Swedish-born, San Francisco-based YouTuber Simone Giertz has earned a reputation as the “queen of shitty robots.” Her popular channel, Simone’s Robots, which she launched in 2013, brims with videos of her deadpan, slapstick approach to semi-functional household robots. While the charming inaccuracy of how each whacky invention attempts to complete its task—applying lipstick, making a bowl of cereal, or washing her hair—might seem an effort for machine-like perfection, Giertz’s comedic fails are all part of the punchline and her online appeal.

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One of Giertz’s robotic creations uses a pivoting electronic arm programmed to apply lipstick.
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The repeated failed attempts at each project add a sense of levity to Giertz’s videos.

Despite the calculated craftiness behind her haphazard robots, much of Giertz’s fan base—numbering 876,000 and counting—offers her messages of support, seeming to believe she is trying to make good robots but repeatedly failing. “Some people are really sweet about it, saying, ‘Hang in there, Simone, you’ll get there soon!’,” Giertz says, laughing. “But, it’s definitely intentional.”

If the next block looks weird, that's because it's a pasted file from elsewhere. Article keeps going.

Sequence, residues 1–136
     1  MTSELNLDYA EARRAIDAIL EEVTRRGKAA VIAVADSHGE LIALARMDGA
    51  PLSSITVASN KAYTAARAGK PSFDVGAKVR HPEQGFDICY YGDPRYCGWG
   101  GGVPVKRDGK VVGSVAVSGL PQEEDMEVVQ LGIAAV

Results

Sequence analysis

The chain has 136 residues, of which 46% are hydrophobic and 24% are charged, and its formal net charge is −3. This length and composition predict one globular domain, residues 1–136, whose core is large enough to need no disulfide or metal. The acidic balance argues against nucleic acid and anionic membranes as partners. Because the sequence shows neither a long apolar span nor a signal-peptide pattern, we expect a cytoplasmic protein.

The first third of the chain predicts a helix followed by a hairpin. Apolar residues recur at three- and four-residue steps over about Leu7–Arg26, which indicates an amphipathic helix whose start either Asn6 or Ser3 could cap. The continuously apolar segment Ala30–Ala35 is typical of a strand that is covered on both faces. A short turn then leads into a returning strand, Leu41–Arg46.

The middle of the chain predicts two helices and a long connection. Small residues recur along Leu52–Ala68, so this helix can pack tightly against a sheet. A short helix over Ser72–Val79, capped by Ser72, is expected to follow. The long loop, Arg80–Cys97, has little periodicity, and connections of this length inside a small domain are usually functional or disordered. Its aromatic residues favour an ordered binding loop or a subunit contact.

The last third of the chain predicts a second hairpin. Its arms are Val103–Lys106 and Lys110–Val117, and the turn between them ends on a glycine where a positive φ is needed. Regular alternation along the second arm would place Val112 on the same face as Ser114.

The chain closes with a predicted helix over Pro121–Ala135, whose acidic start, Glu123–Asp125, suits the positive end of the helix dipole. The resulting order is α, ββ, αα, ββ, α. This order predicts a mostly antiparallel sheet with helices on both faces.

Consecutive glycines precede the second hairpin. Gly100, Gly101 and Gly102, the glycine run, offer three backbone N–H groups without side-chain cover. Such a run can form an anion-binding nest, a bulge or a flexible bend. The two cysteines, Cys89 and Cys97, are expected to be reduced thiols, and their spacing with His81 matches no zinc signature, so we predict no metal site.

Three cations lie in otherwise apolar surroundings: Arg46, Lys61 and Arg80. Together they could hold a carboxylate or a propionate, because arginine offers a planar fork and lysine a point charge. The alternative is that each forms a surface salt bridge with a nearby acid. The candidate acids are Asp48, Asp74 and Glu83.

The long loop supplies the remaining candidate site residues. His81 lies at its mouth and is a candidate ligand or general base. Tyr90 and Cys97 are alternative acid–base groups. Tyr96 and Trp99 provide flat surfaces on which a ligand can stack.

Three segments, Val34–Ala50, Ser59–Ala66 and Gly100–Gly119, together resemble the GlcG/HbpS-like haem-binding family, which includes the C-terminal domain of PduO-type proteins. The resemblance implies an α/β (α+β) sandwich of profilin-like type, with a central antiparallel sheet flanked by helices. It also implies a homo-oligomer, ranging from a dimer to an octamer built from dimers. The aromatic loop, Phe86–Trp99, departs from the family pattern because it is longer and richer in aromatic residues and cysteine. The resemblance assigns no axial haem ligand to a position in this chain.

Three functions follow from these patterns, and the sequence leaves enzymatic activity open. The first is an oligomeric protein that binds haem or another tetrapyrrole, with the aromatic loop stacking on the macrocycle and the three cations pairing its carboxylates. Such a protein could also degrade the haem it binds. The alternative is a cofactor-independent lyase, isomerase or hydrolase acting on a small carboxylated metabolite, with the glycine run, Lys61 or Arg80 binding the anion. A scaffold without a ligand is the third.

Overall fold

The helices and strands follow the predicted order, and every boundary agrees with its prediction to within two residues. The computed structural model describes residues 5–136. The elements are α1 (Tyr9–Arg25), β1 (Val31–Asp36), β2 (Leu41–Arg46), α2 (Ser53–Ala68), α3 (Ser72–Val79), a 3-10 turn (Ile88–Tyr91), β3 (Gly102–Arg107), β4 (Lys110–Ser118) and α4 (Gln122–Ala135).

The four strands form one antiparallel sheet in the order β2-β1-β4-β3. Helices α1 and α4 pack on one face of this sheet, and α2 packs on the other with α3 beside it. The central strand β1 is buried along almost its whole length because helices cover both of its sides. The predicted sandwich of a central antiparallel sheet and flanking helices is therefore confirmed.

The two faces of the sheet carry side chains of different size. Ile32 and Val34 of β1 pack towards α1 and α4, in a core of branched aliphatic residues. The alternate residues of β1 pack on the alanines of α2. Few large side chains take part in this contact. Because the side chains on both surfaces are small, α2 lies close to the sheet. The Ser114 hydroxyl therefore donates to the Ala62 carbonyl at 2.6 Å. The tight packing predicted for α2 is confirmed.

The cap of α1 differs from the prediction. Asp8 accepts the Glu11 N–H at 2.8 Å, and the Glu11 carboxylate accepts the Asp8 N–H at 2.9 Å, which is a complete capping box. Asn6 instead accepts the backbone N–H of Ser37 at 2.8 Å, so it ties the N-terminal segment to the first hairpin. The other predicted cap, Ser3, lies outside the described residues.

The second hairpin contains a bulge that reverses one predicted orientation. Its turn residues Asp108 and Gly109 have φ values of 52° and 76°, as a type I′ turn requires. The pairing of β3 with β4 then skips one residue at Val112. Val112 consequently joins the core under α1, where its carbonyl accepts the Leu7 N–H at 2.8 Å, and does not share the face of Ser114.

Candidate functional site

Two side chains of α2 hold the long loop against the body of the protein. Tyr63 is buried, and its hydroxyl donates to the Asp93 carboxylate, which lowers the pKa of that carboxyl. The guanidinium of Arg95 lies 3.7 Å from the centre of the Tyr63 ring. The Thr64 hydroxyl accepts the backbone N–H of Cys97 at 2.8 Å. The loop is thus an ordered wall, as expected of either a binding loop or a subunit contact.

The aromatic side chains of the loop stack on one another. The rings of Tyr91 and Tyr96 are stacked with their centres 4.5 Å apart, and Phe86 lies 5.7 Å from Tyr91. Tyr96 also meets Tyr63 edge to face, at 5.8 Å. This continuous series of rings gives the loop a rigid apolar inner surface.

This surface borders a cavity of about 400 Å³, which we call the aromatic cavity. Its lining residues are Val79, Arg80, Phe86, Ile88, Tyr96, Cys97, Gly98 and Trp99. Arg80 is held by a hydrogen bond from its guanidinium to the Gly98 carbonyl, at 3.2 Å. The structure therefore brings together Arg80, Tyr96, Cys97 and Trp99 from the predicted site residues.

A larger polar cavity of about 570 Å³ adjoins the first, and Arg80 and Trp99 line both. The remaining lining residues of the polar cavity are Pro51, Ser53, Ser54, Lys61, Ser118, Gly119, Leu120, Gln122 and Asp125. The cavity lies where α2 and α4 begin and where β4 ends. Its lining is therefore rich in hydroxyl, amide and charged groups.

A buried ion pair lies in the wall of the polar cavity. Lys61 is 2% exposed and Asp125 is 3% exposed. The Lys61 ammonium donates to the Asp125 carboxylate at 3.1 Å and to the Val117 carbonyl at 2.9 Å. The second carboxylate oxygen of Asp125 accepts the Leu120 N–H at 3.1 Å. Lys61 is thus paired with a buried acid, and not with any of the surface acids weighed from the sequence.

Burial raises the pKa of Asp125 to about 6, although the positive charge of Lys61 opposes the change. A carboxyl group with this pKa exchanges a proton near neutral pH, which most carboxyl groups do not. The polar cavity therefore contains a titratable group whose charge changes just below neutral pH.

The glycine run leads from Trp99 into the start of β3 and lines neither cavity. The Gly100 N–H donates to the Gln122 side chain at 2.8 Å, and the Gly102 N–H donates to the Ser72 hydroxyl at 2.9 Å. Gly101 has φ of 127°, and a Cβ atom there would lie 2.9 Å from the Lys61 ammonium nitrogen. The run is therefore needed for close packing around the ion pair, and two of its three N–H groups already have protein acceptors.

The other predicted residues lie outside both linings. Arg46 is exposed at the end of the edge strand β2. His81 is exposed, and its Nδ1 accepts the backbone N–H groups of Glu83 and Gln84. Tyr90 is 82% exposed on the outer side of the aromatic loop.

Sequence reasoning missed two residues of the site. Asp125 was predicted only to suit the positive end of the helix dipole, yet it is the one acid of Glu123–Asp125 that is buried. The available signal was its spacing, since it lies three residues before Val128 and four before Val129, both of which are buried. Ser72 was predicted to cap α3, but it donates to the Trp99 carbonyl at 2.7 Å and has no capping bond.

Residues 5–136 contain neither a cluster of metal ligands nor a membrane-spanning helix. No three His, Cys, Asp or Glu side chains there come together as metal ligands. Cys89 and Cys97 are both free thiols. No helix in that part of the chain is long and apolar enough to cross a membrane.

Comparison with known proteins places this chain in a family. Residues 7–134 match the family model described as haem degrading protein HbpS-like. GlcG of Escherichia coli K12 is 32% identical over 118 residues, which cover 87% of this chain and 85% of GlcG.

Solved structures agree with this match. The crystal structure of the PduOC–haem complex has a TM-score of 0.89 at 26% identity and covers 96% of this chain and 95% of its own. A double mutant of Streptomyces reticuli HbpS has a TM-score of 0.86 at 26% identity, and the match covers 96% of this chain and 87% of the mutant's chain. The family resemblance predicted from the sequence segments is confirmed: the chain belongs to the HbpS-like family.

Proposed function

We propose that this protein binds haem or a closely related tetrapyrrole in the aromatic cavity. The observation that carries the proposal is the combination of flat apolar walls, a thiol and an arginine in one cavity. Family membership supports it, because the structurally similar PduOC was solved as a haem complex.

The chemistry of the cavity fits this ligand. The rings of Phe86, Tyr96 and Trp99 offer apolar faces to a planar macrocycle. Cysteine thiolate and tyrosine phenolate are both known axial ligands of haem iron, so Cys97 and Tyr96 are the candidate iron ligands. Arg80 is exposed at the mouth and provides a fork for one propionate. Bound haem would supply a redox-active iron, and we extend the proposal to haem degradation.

Giertz’s lipstick applier is a good example of her offbeat approach. “I had a robot arm, and I have it do my makeup,” she says. “I settled on lipstick because I realized there was no way I would let it near my eyes. I think I did ten different takes before I felt like it applied the lipstick in an adequate way.” Although crudely, the robot technically does do its job, smudging Giertz’s lips with wild inaccuracy while she nonchalantly reads an iPad.

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Another of Giertz’s creations, The Applause Machine, utilizes a pair of kitchen tongs in its design.

After briefly studying engineering physics and taking courses in digital technology at Hyper Island, a creative business school specializing in real-world training, Giertz worked a series of odd gigs—editor for Sweden’s official website, a mixed martial arts reporter, and an English teacher in China—before getting into robotics and landing a maker-in-residence job with Punch Through Design in San Francisco, where she was paid to find fun and engaging ways to use their electronic products.

This past summer, Giertz was back in Sweden for her latest venture: TV. She finds the transition from YouTube to television less natural than people might think. “You realize that you can make it so much bigger and have much more creative control if you just stay on the Internet,” says Giertz. “But I’m trying it.”

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Another Simon Giertz project in the making.
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Giertz, photographed in her Stockholm workshop.

It’s clear Giertz loves giving things a try. From building robots to signing up for astronaut training, she enjoys making her endless ideas come to life—and entertaining people along the way. “People kind of come for the comedy and the shittiness of the robots,” says Giertz. “But then they learn something along the way or get inspired to build their own things.”